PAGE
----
Our software journey

You may notice that we have used a number of different file formats in producing our materials. We started off using Publisher as that was what the people we were working with had on their computers. But over time as the project has expanded into other language groups it became necessary for us to change to using freeware as some NGOs and language groups can not afford to purchase page layout software. So we are currently developing all new materials or shell books in Libre Office Draw and we look forward very much to the relase of the new BLOOM software. For people starting out in literacy projects in the poorer communities of the world we would strongly recommend that you use software that is freely available to the local people. Then when the opportunity arises they can take over the keyboarding and developing of their own materials really easily.

Draw has its problems but it is far far better than using Word or Libre Writer to make literacy materials. We are really looking forward to Bloom's release and the developers are working on incorporating our Solomon's story primer templates so that will be fantastic!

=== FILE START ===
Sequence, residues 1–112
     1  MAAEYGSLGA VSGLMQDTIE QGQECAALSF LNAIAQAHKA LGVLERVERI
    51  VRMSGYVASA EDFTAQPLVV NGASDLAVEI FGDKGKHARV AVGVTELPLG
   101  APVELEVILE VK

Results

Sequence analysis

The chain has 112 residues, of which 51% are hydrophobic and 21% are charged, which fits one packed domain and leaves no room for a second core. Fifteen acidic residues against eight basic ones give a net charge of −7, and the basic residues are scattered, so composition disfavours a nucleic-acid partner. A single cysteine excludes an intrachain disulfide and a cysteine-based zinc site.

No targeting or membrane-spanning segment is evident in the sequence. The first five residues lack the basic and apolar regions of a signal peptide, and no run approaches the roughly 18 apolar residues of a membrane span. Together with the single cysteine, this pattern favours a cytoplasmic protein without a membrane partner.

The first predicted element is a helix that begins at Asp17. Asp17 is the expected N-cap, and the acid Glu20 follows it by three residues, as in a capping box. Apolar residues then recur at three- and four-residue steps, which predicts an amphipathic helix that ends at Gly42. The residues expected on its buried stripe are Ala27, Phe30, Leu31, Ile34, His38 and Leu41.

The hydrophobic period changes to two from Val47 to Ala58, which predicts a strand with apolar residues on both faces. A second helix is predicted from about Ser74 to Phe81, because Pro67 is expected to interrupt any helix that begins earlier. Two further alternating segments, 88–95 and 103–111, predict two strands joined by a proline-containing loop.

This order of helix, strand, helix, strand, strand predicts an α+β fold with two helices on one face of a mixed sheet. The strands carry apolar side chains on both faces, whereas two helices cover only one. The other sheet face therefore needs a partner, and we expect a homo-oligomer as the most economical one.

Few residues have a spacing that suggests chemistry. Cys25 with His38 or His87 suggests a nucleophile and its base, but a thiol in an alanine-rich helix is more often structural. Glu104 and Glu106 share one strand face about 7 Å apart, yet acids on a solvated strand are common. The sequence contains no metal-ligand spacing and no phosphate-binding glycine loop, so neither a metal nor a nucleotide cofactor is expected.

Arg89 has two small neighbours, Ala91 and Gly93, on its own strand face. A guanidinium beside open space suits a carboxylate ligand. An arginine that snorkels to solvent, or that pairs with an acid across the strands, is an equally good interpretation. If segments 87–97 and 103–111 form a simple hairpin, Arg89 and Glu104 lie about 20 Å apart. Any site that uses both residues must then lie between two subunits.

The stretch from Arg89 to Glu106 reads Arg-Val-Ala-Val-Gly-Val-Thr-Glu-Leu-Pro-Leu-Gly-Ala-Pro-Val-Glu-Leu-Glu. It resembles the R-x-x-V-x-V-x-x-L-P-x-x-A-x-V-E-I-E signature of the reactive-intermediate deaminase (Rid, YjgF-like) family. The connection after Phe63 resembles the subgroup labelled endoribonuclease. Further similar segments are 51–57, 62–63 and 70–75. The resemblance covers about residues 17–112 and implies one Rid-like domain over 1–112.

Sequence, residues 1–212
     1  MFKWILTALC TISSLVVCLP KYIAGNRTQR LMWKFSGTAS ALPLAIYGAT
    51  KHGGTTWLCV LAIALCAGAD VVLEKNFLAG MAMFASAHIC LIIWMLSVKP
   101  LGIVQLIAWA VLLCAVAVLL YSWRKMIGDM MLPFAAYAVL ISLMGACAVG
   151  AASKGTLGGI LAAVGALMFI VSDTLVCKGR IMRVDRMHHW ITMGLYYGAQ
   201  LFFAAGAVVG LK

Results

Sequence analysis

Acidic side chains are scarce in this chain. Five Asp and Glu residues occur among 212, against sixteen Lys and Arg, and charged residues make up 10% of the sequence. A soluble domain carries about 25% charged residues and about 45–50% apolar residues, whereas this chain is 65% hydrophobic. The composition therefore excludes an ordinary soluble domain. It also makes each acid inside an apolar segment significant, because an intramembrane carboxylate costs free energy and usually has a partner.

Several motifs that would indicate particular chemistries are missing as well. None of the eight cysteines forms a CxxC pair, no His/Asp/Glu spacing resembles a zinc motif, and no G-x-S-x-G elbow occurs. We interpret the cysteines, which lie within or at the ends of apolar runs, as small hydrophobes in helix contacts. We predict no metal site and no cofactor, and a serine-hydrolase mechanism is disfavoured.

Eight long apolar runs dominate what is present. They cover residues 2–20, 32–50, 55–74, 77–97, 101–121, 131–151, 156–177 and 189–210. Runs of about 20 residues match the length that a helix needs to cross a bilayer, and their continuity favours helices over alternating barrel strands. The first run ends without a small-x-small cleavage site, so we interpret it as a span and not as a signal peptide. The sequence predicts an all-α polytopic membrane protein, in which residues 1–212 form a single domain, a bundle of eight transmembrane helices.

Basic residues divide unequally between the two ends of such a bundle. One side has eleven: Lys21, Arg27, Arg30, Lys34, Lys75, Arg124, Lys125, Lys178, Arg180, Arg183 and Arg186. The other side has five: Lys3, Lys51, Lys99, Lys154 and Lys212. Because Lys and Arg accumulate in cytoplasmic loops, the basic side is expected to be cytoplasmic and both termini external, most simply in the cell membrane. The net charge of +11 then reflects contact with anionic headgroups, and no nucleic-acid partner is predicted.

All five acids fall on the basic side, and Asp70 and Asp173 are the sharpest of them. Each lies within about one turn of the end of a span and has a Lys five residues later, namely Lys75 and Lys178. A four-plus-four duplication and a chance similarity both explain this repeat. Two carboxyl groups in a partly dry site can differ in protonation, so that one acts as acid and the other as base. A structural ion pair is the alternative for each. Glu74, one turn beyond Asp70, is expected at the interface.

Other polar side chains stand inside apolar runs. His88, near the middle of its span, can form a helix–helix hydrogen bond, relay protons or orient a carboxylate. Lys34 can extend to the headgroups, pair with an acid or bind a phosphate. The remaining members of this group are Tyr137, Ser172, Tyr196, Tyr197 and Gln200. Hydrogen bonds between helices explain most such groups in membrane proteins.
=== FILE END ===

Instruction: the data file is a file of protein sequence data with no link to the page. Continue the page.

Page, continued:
To date we have used Draw for our complex story primer book, which includes, primer pages, some cartoon layouts, word finds and even a game board. You can see examples of the different page layouts we have used:

reading and word work page

cartoon and soccer game

story telling and word find

The advantages of Draw over Publisher is that it is free, easier to learn and the files are much much smaller which is useful if you are working over email with groups.

We have also used Draw for an alphabet book shell, several picture story book shells, and two scripture primers.  The Mark scripture primer on our website was constructed in Draw. And the shell book Raskol Rat is available as a Draw file on our shell book page of the Literacy Materials tab. We develop everything as a shell so that other languages can use them because we are helping two organisations in the Solomons, and thus far have worked with people from approximately 16 languages.